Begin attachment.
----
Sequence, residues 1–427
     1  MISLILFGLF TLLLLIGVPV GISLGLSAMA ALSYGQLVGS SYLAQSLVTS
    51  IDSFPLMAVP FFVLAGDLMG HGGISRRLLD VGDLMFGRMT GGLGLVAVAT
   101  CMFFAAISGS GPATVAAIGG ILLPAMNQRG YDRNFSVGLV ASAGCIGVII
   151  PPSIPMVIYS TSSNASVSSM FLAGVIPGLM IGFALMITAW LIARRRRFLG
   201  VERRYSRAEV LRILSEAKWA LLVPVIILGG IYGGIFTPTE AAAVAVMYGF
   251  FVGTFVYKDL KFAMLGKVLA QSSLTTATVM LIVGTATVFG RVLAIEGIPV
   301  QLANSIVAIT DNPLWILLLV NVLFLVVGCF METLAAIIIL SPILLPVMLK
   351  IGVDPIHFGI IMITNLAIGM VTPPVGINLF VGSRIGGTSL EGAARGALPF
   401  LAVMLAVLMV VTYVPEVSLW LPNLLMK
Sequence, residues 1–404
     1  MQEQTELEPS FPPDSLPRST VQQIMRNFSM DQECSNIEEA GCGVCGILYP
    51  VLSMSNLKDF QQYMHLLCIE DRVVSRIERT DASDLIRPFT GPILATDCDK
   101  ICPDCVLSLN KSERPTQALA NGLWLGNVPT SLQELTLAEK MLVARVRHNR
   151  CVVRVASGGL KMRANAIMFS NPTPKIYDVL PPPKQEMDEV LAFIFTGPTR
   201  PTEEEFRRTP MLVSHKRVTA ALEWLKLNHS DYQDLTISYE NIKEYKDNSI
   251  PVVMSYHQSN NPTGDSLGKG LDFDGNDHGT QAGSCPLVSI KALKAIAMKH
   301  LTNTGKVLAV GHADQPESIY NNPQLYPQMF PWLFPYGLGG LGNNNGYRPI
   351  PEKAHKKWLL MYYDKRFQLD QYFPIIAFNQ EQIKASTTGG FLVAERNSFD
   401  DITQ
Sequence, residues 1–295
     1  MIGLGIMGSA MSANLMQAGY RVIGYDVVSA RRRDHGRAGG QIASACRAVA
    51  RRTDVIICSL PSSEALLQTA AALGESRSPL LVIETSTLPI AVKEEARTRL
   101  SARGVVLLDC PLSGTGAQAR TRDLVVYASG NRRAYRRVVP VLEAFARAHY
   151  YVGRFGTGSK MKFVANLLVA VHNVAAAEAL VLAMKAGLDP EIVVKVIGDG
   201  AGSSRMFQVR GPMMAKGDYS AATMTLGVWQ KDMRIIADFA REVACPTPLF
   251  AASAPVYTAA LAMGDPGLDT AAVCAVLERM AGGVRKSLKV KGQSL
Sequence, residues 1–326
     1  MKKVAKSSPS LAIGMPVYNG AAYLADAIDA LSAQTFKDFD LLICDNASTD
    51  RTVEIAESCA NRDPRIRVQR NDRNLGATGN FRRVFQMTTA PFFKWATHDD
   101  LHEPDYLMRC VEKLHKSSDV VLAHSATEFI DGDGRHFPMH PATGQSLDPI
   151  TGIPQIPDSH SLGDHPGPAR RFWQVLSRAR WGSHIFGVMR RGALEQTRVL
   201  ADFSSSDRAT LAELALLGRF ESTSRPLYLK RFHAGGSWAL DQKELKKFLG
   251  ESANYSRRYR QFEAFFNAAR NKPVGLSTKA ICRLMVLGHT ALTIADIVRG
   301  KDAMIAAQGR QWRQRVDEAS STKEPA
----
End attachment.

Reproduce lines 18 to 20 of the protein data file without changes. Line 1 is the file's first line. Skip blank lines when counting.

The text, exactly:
   301  LTNTGKVLAV GHADQPESIY NNPQLYPQMF PWLFPYGLGG LGNNNGYRPI
   351  PEKAHKKWLL MYYDKRFQLD QYFPIIAFNQ EQIKASTTGG FLVAERNSFD
   401  DITQ